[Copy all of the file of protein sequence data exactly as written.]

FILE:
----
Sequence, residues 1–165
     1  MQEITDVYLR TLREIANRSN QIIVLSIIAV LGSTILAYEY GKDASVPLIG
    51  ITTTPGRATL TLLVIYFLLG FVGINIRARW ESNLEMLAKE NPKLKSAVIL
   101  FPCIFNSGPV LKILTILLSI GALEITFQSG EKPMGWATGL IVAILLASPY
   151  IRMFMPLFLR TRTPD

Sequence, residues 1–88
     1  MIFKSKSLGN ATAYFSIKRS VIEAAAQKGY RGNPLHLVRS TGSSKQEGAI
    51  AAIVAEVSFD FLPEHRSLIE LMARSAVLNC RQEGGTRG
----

Sequence, residues 1–165
     1  MQEITDVYLR TLREIANRSN QIIVLSIIAV LGSTILAYEY GKDASVPLIG
    51  ITTTPGRATL TLLVIYFLLG FVGINIRARW ESNLEMLAKE NPKLKSAVIL
   101  FPCIFNSGPV LKILTILLSI GALEITFQSG EKPMGWATGL IVAILLASPY
   151  IRMFMPLFLR TRTPD

Sequence, residues 1–88
     1  MIFKSKSLGN ATAYFSIKRS VIEAAAQKGY RGNPLHLVRS TGSSKQEGAI
    51  AAIVAEVSFD FLPEHRSLIE LMARSAVLNC RQEGGTRG